Older Age, Comorbidities Potential Risk Factors for Pneumococcal Keratitis

Pneumococcal keratitis is associated with older age, high number of comorbidities and severe outcomes.

Patients who were older and had more comorbidities were more likely to present with pneumococcal keratitis than conjunctivitis, according to research presented at the Association for Research in Vision and Ophthalmology (ARVO) 2023 Annual Meeting, held in New Orleans from April 23 to April 27, 2023.

The leading cause of ocular surface infection is Streptococcus pneumoniae. Patients who present with pneumococcal keratitis often present with severe symptoms. Most scientific reporting about pneumococcal keratitis comes from Southern India where it is most common, but overall, there is a lack of sufficient data about the clinical profile, risks, and outcomes of pneumococcal keratitis.

Clinical records from 63 patients who presented at the Massachusetts Eye and Ear clinic between 2014 and 2019 with pneumococcal ocular surface disease were retrospectively reviewed in this study. Trends were compared between patients with keratitis (n=41) and conjunctivitis (n=22).

The patients with keratitis were significantly older (median, 66 y) than the patients with conjunctivitis (median, 43 y; P =.006). More patients who presented with keratitis had a history of organ transplant (P =.006), alcoholism (P =.006), cardiovascular disease (P =.011), liver disease (P =.012), and chronic obstructive pulmonary disease (P =.023) compared with the conjunctivitis group.

The development of keratitis was associated with ocular surface disease (29.2%), eye trauma history (29.2%), and corneal transplantation (21.9%). Most of the patients with keratitis had corneal ulcer (80.5%) and hypopyon (53.6%) and few wore contact lenses (12.2%).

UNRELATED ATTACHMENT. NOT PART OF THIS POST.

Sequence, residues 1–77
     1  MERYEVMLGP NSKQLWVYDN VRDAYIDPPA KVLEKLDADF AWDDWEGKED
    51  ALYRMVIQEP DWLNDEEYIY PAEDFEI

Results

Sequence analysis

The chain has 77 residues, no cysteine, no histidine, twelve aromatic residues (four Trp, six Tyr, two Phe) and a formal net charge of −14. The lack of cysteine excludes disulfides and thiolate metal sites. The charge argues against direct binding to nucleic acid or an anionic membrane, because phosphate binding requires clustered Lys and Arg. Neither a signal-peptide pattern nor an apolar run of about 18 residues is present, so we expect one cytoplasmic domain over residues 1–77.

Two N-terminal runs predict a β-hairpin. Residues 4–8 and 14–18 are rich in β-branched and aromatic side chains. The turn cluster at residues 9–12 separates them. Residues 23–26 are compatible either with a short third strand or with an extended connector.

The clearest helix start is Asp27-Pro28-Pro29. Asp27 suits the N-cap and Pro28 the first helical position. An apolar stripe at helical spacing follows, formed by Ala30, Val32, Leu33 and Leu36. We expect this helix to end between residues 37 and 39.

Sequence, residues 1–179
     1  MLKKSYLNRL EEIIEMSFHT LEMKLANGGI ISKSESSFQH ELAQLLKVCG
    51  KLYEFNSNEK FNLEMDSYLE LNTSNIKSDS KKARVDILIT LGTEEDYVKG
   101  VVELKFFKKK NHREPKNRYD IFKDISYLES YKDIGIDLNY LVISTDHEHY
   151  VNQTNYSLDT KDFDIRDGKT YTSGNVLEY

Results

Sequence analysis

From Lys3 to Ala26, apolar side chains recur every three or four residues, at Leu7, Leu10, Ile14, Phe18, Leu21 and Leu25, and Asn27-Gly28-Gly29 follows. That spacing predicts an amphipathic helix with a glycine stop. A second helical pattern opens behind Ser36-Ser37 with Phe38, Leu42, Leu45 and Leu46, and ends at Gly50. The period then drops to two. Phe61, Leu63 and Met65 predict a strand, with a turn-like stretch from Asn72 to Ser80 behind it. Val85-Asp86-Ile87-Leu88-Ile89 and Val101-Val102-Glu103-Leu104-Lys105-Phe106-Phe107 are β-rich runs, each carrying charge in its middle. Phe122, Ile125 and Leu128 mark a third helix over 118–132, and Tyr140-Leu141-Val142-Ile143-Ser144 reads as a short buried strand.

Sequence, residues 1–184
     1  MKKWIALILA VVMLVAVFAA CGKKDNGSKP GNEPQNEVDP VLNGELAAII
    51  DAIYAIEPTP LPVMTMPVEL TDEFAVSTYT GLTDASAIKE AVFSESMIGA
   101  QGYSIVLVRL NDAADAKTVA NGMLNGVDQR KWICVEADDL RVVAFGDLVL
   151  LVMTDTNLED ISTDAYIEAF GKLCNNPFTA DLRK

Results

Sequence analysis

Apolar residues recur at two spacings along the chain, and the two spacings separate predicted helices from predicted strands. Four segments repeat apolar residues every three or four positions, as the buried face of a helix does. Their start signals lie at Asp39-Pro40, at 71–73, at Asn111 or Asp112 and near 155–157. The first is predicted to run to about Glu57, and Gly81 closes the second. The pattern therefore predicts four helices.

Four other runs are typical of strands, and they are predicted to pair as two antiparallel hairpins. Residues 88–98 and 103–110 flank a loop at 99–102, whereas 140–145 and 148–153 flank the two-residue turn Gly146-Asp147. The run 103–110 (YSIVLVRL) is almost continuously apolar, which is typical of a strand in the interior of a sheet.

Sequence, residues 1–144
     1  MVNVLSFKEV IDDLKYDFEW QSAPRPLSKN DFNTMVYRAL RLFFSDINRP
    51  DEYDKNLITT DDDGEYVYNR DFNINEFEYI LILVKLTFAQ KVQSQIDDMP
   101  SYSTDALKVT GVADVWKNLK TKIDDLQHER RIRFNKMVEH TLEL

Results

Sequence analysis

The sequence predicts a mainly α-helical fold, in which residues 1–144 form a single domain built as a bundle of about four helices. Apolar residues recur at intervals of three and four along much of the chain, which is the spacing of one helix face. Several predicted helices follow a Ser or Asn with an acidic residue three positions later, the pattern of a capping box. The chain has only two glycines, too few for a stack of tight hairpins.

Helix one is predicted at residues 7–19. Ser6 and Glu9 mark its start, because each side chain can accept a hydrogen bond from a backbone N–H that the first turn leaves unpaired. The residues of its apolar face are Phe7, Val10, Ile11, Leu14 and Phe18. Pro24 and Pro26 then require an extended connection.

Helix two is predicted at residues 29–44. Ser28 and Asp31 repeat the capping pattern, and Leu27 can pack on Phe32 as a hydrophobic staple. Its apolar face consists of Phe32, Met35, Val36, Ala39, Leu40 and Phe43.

At baseline, most patients with keratitis had a visual acuity of greater than 20/150 (78%) and most (73.7%) did not improve after treatment. Visual outcomes did not differ significantly between the patients who were managed surgically or medically (P =.711583).

This study was limited by its small sample size and retrospective design.

The study author concluded, “[P]neumococcal keratitis was associated with older patients with a high number of comorbidities and severe outcomes. Surgical and medical interventions both lead to similar outcomes and were not associated with significant visual acuity improvements.”


Perera DC. Streptococcus pneumoniae keratitis: analysis of clinical risk factors and differences in treatment-based visual acuity outcomes. Poster presented at: The Association for Research in Vision and Ophthalmology (ARVO) 2023 Annual Meeting; April 23-27; Abstract 2330 – C0367.